Past Renewals: Interpretative Authority, Renewed Revelation and the Quest for Perfection in Jewish Antiquity
Leiden: Brill, 2010 pp. xxii + 278. $154.00
Supplements to the Journal for the Study of Judaism, 53
Description: How did ancient Jewish authors claim authority for their interpretations? How, after the “end of prophecy”, could they claim the authority of revelation? Whom did one have to be, or aspire to be, in order to merit authority? Hindy Najman addresses these questions through close readings of ancient Jewish texts, e.g., Ezra-Nehemiah, Philo of Alexandria, 4Ezra, Dead Sea Scrolls, and Jubilees. In Seconding Sinai (Brill, 2003), Najman reconceived pseudepigraphy, developing the idea of a Mosaic discourse that comprised a series of ancient texts attributed to Moses. Here she develops the broader notion of a discourse tied to a founder, situating practices of pseudepigraphy and authoritative interpretation within a variety of ways of seeking perfection in ancient Judaism.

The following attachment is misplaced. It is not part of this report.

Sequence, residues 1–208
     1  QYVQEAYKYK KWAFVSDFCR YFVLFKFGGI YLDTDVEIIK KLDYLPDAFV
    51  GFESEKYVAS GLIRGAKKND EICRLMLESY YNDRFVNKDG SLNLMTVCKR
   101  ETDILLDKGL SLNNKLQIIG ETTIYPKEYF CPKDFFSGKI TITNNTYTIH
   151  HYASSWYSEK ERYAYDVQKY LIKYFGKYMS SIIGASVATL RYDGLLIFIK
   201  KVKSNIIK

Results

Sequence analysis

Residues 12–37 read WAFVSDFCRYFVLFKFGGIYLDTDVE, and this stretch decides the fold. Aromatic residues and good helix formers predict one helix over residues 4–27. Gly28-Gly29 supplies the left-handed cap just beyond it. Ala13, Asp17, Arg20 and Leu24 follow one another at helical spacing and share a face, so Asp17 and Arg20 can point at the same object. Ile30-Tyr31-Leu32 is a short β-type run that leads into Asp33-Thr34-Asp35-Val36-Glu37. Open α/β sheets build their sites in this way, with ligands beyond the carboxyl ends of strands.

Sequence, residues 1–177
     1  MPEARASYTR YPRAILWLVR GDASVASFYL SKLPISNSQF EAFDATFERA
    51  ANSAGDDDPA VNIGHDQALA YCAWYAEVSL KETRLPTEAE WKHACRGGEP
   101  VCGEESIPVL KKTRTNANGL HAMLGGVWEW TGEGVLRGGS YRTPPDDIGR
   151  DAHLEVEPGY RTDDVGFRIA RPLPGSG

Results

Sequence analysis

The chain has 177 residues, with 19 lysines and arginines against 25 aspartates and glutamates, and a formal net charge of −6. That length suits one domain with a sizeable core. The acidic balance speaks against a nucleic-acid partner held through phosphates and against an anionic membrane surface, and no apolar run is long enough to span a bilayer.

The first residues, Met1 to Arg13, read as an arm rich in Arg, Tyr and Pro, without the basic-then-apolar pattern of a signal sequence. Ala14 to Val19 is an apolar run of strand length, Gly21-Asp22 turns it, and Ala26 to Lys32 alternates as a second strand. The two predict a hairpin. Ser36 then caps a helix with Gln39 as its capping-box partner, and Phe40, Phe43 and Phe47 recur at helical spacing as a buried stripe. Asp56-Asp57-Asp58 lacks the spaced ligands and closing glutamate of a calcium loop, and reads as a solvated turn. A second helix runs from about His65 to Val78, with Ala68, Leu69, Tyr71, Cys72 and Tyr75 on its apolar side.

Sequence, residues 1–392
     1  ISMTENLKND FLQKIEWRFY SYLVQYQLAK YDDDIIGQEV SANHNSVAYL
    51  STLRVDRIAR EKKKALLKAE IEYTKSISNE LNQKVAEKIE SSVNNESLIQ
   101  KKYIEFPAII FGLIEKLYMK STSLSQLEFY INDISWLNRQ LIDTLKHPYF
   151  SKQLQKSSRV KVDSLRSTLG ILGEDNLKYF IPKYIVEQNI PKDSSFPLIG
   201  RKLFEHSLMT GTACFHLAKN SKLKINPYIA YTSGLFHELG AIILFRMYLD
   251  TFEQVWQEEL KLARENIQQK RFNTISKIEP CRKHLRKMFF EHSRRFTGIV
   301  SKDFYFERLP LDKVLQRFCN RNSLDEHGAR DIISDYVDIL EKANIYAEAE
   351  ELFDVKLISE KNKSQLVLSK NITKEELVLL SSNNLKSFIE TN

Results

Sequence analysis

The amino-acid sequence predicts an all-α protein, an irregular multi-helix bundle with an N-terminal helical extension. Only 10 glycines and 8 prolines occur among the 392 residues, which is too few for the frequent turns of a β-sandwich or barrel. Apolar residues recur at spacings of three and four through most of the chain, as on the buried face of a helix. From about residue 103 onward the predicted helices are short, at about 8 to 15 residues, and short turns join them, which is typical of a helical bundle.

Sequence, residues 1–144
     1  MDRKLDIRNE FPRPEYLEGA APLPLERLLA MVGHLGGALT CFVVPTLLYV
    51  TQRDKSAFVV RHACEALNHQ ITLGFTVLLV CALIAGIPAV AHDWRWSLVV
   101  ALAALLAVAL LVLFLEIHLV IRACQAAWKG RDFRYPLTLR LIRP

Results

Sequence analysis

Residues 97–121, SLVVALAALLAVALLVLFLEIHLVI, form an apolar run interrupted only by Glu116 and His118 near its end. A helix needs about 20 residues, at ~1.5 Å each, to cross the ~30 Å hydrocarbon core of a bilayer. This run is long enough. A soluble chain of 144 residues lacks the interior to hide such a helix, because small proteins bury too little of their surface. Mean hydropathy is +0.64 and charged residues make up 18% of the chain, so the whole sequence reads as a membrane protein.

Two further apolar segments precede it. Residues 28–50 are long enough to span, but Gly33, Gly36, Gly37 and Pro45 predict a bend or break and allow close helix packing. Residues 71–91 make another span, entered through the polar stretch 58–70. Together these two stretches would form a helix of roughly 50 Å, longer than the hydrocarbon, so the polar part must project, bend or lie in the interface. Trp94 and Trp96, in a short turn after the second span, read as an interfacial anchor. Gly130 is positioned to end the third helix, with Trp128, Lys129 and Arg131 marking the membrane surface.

Subjects: Bible, Hebrew Bible/Old Testament, Historical Books, Ezra, Nehemiah, Apocrypha and Pseudepigrapha, Old Testament Apocrypha, 2 Esdras (4 Ezra), Literature
Review by Marius Nel
Citation: Marius Nel, review of Hindy Najman, Past Renewals: Interpretative Authority, Renewed Revelation and the Quest for Perfection in Jewish Antiquity, Review of Biblical Literature [http://www.bookreviews.org] (2011).
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